A supply chain is a series of processes, activities and a network of people that help to make and move a product from start to finish (consumption). Supply chains are often complex with various stages of production happening in different countries, controlled by different suppliers. Here is a simple diagram by the Corporate Finance Institute to explain the process:
In simple terms, there is the supply (raw materials for manufacturing), manufacturing (building, assembling, converting, or furnishing raw materials into finished products), distribution (ensuring products reach consumers through organised networks of transporters, warehouses, and retailers) and consumption (the customers).
Here is a breakdown of the global supply chain for chocolate:
- Cocoa – West Africa, Central/South America, and parts of Asia.
- Nuts – worldwide (depending on the type of nut).
- Sugar – Brazil (primarily), India, and China
- Milk – United States.
- Corn Syrup – United States, Europe, Brazil, and Mexico.
- Vanilla – Madagascar, Indonesia, China, and Mexico.
- Aluminium Foil – West Indies, North America, and Australia.
Exploitation in Supply Chains:
At any point in the supply chain of a product, there is a risk of slavery being used. This means that the clothes we wear, foods we eat, technology we use – the goods and services we consume on a day-to-day basis could have been produced using forms of modern slavery.
With greater demand, businesses are always looking for cheaper sources of labour. There are over 16 million people exploited in the private sector, linked to the supply chains of the international businesses supplying our goods and services (Anti-Slavery International). Approximately 60% of forced labour is associated with manufacturing supply chains.
Additionally, supply chains can often be extensive and complex. This means that it is difficult for a business to oversee who is working where and under what conditions. Moreover, the globalisation of supply chains has added to the challenging nature of ensuring that suppliers are enforcing the same measures.
The agricultural, fast fashion and technological industries are at the highest risk of using forms of slavery in their supply chains.
According to the International Labour Organisation, agriculture, fishery and forestry are the sectors with the fourth highest proportion of victims of forced labour worldwide.
Victims in the agricultural sector in Europe are often lured by the false promise of a job by traffickers. Many agricultural “workers” are enslaved through debt bondage (a form of slavery) to repay debts. The cocoa industry alone has over 2.1 million children working in their supply chains!
In the coffee industry, children as young as six work ten hours a day and are exposed to the many health and safety hazards. The coffee harvesting process involves dangers from high levels of sun exposure and injuries, to poisoning from contact with agrochemicals.
Forced labour is present in the fashion industry, from child cotton pickers in Uzbekistan, held in debt bondage by their employers to those who are coerced into factory labour in India and Bangladesh. Victims are forced to live a life of fear and violence, exploited to work hours on end to meet the demands of corporate consumerism.
G20 countries imported $127 billion fashion garments identified as at-risk products of modern slavery (2019). Fast fashion brands including H&M, Primark, Zara, T.J. Max and Nike all profit off of the exploitation of people.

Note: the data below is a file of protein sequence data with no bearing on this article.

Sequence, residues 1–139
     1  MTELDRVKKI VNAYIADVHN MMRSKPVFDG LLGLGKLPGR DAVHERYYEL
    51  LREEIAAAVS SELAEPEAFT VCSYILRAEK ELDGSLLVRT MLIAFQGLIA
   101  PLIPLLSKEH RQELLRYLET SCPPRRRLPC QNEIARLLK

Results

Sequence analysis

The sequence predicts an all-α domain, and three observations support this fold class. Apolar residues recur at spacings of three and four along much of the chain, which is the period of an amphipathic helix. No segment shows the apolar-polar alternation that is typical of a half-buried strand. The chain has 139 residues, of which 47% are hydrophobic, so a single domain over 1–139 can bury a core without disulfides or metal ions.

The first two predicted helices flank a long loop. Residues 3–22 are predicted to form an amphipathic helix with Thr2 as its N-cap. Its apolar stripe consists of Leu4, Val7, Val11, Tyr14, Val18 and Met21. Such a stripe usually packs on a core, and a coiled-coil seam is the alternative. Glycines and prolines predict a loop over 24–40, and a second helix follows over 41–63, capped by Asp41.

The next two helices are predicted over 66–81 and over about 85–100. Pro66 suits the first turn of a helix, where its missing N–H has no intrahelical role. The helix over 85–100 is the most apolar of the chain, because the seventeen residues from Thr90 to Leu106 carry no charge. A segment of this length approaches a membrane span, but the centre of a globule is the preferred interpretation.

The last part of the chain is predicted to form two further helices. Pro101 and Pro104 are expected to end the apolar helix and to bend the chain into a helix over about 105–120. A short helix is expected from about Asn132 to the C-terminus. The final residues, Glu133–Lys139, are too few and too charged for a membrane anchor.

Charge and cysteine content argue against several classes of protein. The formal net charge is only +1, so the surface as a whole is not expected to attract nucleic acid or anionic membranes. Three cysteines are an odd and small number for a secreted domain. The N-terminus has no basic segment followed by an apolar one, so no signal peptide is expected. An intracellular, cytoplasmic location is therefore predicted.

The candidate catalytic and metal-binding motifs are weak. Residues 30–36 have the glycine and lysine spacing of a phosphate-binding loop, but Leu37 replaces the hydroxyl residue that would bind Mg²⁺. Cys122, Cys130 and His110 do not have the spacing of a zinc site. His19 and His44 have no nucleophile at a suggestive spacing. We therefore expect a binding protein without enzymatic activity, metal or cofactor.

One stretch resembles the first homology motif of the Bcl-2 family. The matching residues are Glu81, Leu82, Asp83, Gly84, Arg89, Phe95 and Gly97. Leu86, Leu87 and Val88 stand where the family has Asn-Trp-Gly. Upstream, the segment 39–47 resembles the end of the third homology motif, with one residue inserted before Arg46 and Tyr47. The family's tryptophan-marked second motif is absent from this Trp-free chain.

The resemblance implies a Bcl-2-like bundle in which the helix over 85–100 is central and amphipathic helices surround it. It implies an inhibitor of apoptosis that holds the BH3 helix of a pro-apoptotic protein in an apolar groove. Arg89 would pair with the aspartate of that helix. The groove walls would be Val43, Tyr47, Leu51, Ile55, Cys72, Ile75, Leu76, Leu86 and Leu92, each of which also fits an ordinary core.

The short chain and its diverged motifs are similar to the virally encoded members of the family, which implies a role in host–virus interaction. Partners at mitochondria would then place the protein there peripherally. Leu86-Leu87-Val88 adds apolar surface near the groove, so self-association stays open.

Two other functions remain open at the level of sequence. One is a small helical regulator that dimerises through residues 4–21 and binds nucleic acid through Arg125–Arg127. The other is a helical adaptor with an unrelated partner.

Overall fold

Globally, the COVID-19 outbreak has threatened the livelihoods of garment workers too. In Bangladesh for example, after 100 factories closed, over 4 million garment workers became vulnerable to exploitation due to loss of their steady income.
There is a risk of forced labour in the electronics industry in China, Thailand, Malaysia, DR Congo, the Philippines, and Indonesia. Electronic brands such as Apple, Samsung and Microsoft engage in supply chain slavery.
Risks are often associated with migrant workers who may incur large debts in their pursuit of employment and may face debt bondage. They can be stripped of passports and work documents or held in a place of employment against their will. Children are forced to mine cobalt for use in the latest mobile phone and people in factories are forced to assemble electronics.
However, new technologies can assist companies to follow ethical practices in their supply chain. Potential solutions to this problem include the use of blockchain and artificial intelligence.
Governments Must Take Action:
Governments must introduce import controls on goods produced using forced labour.
This should increase supply chain transparency, will ensure that companies are held accountable, enforce appropriate sanctions and produce zero-tolerance policies to forced labour.
Governments must do more to take effective and coordinated action. Existing policies aimed at tackling forced labour in supply chains have been described as inefficient and ‘toothless’. We must do better – governments must act urgently.
Furthermore, governments must coordinate, internationally, to implement complementary policies to import controls. For example, mandatory human rights and environmental due diligence legislation to effectively tackle forced labour in global supply chains.
Policies should be directed at preventing the root causes enabling forced labour in the first place (poverty, gender inequality, worker discrimination, lack of worker representation and legal protection etc).
All of these measures to tackle forced labour need to be secured in trade agreement, legislative and development frameworks.